A couple suggestions to fix the controversial one-and-done rule
With the news that the NBA is planning on abolishing the one-and-done rule and letting high schoolers once again apply for the draft, let's reexamine why this change is being implemented. Advocates of abolishing the rule state that elite prospects like Zion Williamson are risking injury by playing one season of college ball and also by waiting a year to join the NBA they lose out on a prime year of super max salary, due to their rookie contracts starting a year later. Both of these points are very valid, but there is a fix. No, the NCAA isn't going to suddenly start paying players. But they could pay for much higher loss of value insurance policies for the elite freshmen due to injuries.
JUST IN: Zion Williamson has $8 million in loss of value insurance from policy written by ISI, according to sources. In order to start collecting, however, he would have to slip past the 16th pick in this year’s draft, which isn’t happening. pic.twitter.com/wDVAyhY2R0
$8 million is nothing to sneeze at, but it's pretty much chump change for what a player like Zion could lose with a serious injury. And again Duke paying 5$0K for the policy sounds nice and all, until you account for how much money Zion is making the university. It's much more than $50,000. If Zion was to slip past the #16 pick, that would mean he'd have had to have suffered an injury that could be career threatening. Duke should have used some of that huge stack of revenue from their college basketball program and paid for a policy that's closer to $80 million than $8 million.
Universities paying for more expensive insurance policies would eliminate the fear of a player getting injured in college and losing out on his big pay day. The other detriment to an elite prospect being forced to play one year in college is that it pushes back his rookie scale contract an additional year. And then subsequently his max contract and then super max contract.
For example, if Anthony Davis had been allowed to enter the NBA in 2011 instead of 2012, not only would he have been paid an additional year by now, but he'd be starting his super max contract next season, as opposed to the 2020-2021 season. So essentially if they abolished the one and done rule, elite high school prospects would be deciding whether going to college is worth giving up a year of super max salary, not to mention the loss of off the court revenue.
Should elite prospects be penalized for playing college ball by losing a year of super max salary?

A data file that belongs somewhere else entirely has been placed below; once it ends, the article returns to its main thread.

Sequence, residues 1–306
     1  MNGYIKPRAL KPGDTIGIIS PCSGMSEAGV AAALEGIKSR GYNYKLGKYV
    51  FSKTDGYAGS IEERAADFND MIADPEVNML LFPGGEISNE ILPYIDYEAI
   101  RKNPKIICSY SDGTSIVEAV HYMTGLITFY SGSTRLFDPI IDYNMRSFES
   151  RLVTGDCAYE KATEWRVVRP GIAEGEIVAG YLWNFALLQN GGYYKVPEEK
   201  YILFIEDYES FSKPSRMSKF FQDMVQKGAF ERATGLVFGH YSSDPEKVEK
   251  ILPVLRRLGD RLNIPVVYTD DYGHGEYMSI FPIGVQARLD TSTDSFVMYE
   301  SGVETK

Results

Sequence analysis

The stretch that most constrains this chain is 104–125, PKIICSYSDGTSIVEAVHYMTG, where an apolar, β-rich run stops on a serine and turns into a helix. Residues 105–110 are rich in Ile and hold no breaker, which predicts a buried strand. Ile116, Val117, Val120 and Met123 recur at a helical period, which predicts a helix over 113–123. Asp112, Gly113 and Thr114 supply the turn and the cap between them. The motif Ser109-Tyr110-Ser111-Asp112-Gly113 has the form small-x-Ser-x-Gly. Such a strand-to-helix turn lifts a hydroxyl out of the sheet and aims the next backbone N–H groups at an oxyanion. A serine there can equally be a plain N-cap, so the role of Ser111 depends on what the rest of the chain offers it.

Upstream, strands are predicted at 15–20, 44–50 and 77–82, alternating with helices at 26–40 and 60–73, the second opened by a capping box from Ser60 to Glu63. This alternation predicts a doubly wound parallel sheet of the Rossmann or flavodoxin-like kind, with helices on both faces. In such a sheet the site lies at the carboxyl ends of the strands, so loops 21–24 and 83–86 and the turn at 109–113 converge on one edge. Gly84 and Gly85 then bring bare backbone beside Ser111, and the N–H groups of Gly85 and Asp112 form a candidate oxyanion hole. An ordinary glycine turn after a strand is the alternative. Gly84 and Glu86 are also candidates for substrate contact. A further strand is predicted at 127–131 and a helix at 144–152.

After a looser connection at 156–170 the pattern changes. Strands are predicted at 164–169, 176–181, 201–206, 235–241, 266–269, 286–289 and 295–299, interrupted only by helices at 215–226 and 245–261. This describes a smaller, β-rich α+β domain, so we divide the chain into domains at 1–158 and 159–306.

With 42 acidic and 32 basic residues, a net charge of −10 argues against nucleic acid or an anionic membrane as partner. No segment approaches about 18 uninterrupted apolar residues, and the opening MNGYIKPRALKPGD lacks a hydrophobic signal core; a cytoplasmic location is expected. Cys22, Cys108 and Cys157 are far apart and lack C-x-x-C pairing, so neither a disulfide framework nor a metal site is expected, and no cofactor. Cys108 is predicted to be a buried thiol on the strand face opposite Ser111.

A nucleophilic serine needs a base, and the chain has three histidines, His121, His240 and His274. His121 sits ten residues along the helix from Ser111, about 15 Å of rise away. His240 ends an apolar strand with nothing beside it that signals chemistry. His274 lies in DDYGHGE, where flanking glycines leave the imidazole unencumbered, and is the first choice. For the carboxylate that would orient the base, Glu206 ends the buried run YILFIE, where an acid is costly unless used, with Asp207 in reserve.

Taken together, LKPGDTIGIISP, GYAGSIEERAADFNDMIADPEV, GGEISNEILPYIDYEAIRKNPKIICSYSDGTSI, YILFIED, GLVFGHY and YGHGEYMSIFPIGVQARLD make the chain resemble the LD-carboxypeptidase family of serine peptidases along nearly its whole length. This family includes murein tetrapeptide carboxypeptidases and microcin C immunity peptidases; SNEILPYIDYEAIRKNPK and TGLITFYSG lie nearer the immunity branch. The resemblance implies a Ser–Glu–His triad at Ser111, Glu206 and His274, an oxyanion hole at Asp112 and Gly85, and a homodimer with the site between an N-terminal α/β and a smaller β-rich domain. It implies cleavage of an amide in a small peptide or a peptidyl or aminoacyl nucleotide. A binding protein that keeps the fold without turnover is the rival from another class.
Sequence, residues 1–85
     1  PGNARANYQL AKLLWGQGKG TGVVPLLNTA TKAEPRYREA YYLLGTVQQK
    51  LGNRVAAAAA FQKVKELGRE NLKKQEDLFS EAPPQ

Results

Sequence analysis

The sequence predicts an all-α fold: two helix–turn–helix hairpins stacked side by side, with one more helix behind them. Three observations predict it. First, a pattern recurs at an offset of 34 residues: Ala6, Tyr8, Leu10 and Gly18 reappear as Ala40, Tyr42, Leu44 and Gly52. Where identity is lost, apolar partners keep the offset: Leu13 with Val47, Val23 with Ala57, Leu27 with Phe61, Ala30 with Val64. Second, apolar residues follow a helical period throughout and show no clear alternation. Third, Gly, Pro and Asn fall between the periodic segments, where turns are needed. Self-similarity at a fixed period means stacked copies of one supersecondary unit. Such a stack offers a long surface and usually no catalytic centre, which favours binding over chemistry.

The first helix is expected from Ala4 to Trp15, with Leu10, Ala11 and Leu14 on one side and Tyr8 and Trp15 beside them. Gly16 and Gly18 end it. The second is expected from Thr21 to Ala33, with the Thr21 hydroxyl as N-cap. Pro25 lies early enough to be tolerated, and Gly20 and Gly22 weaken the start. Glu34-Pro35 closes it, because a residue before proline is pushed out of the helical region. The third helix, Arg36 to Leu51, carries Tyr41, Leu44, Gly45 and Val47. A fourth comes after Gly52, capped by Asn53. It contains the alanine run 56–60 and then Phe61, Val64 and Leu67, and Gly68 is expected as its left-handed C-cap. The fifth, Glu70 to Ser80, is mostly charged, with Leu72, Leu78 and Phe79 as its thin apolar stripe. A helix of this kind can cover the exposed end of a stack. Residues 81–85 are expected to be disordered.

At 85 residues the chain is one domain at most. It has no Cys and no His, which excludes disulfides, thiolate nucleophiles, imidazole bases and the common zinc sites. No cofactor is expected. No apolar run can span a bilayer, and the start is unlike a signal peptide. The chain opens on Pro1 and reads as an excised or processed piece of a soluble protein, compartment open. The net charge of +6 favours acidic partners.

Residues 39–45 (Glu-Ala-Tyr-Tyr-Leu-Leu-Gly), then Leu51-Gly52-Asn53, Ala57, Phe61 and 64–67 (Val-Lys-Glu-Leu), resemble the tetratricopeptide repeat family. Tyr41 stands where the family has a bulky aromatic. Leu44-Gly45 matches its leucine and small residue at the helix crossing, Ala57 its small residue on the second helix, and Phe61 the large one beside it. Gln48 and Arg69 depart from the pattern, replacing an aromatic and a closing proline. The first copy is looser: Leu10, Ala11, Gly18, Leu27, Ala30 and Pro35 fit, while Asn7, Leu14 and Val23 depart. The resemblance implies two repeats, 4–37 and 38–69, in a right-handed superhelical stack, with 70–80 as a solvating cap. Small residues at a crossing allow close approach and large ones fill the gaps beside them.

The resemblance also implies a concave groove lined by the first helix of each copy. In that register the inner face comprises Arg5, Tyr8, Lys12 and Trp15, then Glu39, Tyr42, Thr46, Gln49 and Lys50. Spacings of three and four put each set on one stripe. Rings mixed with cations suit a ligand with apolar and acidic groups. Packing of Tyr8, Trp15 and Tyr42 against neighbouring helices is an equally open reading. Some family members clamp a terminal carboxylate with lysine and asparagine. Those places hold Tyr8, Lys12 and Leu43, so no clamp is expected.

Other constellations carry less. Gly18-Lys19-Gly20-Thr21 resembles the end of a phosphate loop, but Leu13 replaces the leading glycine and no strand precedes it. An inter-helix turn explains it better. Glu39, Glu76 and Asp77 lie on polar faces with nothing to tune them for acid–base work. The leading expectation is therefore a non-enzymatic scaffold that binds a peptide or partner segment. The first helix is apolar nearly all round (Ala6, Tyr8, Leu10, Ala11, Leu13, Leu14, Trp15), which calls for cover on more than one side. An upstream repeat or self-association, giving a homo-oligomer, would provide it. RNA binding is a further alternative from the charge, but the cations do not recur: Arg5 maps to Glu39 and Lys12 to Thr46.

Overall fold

You can't really do anything about the loss of off the court revenue, but you could give an incentive to players going to college. One of the negatives NBA teams complained about when they could draft high school players was that they were too raw and took so long to develop,. By the time they had developed they were free agents already (Think Tracy McGrady on the Raptors). To accommodate high schoolers entering the NBA again, the league could extend the rookie scale contracts for an additional year. And then to incentivize prospects developing at the college level, players who played one year in college could opt out of their rookie scale contacts one year early. And players who played multiple years in college could opt out two years early. This way, no matter if you went to play college ball for a year or two or went straight to the NBA, all players would be on the same pay scale based on age. You would not be penalized like you currently are for playing a year or two in college.
Under the current NBA pay scale system a player is penalized for every year they play college ball. Draymond Green is not eligible to be paid a super max salary until he's 30 years old, which is arguably past his prime
Anthony Davis will be 27 years old when he begins his super max contract. Draymond Green isn't eligible to make a super max contract until he's 30,because he played a full college career. Considering a player's prime definitely starts prior to their thirties, it's not really fair to hold college tenures against NBA stars. With the tweak of letting players opt out of their rookie scale contracts an X number of years after they graduated high school, we'd have a level playing field where prospects wouldn't get penalized for going to college.
I'm sure there are other fixes to the one-and-done issue, but higher insurance policies and not penalizing elite prospects by making them wait until they are a year, two, or three older to make NBA super max contracts would level the playing field and let 18 year olds experience and develop in college while also not forcing them to give up millions of dollars.